We've been in Asia for 4 and a half years now, and our friends were rather surprised that we hadn't been to a wedding yet. We've had a couple of invitations but DH has always been away. A couple of weeks ago, we were invited to our first Asian wedding this Saturday, of one of DH's colleagues. It will be a Chinese wedding, in Johor Bahru on the southernmost tip of Peninsula Malaysia, and just over the bridge from Singapore. Obviously some research was in order.
I discovered that black, white and dark blue are not worn at weddings, but my green dress is acceptable. Auspicious colours are red, yellow and gold. For a wedding gift, guests are expected to give money enough to pay for their meal and a bit more. The gift is given in a large red envelope or packet known as hong bao. This wedding will be held at 1pm at a restaurant, which will be a first for me. I mean, I'm used to going to a church or civil ceremony followed by the wedding breakfast at a restaurant, but having the whole ceremony held there will be very interesting. It will end at 4pm. No party, no evening reception. A long way to go for 3 hours, but that will be just about right for us two non-socialites.
Last week DH brought some more news back from work. We had another wedding invitation for a few days before the Chinese wedding. This was Malaysian - well I presumed it was, since the invitation was all in Malay, which kind of didn't help with my research. We didn't go to that one, already having something else on.
Imagine my surprise then, when I got a third invitation, for 7:30pm on the same Saturday! This one is an Indian wedding in Chinatown in Singapore. Yes, I know that sounds completely culturally mixed up, but this temple is famous. I've walked past it a hundred times and I've always wanted to know what it's like inside. The happy couple are the recipients of the scrap-book which I've been working on with the bride's mother since May. I heard so much about the arrangements but it never occurred to me that I may be invited.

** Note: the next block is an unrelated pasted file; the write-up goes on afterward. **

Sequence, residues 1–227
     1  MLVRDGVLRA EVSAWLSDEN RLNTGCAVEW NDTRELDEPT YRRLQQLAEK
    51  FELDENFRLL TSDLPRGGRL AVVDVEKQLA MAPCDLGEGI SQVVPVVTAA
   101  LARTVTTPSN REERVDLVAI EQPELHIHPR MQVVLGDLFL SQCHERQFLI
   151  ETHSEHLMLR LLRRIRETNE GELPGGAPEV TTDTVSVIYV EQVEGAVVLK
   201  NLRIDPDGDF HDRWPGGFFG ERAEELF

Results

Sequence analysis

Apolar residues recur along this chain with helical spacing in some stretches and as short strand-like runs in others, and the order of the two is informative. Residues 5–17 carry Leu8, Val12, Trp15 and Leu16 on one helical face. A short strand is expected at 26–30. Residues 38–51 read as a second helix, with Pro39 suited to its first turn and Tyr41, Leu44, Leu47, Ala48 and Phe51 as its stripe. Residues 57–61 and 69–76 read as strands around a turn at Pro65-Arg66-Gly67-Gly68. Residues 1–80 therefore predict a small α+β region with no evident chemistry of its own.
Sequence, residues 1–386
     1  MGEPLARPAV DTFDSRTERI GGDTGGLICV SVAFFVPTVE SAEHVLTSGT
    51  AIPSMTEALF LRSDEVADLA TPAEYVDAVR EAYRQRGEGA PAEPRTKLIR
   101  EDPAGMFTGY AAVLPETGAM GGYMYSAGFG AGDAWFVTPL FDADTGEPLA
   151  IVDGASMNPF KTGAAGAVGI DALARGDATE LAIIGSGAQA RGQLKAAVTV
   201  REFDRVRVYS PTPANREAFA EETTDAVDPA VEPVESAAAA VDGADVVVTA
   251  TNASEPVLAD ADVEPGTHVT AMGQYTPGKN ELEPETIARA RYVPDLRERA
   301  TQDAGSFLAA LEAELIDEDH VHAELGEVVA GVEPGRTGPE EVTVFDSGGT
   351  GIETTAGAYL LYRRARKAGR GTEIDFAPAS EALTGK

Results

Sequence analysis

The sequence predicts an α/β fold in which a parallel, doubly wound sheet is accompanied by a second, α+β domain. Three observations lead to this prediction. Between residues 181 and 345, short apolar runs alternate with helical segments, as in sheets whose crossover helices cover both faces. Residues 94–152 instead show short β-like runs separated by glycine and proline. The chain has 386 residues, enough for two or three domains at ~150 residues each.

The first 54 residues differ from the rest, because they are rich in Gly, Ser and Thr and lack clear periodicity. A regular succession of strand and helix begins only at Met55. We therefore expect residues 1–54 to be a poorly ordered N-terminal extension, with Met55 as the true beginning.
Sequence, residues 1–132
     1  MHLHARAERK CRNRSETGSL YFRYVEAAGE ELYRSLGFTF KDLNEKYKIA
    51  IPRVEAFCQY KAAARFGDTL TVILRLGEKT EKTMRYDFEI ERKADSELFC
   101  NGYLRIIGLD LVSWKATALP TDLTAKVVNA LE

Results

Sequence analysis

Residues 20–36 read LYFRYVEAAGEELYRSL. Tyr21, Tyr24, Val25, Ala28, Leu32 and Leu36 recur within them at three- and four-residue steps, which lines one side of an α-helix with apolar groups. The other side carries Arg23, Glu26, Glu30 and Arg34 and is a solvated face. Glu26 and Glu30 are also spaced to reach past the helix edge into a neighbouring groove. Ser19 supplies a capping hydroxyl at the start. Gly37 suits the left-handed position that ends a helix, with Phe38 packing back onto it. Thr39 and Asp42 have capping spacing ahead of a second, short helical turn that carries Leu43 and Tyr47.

Both couples are already married. Here the custom is to have a civil ceremony with just close family, in which they hire the dress, the photographer, the car and the flowers as a package. They travel around being photographed all over the island, or in my scrap-booker friend's daughter's case, New York. Then they have their own ceremony several days or weeks later with the rest of the family and their friends - another dress or two and more flowers.
The Indian wedding preparations are extensive, lavish and even more ceremonial than the wedding itself. Sheila has her bangle ceremony tonight I believe, during which she will be adorned by the family women with coloured glass and metal bangles all with special meanings like blessings, fertility and warding off evil. She will then not be allowed to do any housework until her wedding day, in case she breaks them which would be bad luck. She will have an odd number of bangles in total; an even number on one arm and an odd number on the other, because the Indian belief is that odd numbers are auspicious.
It's going to be a busy day. You can be sure that my camera will be on charge with spare battery and SD card to hand. Right now I'm waiting for the rain to stop so I can go out and get the hong bao and the crisp new notes from the bank. Meanwhile I can show you the cards I've made for both couples, because I know I won't have another chance to post for a few days.
Card blanks: gold from Lavender Crafts, red from Paperchase
Indian paper in gold and cream from Hobbycraft
ribbon from Daiso
Bo Bunny heart paper
Bella chipboard letters
gold embossing powder from stash
QuicKutz nested circles used with Cuttlebug to make the rings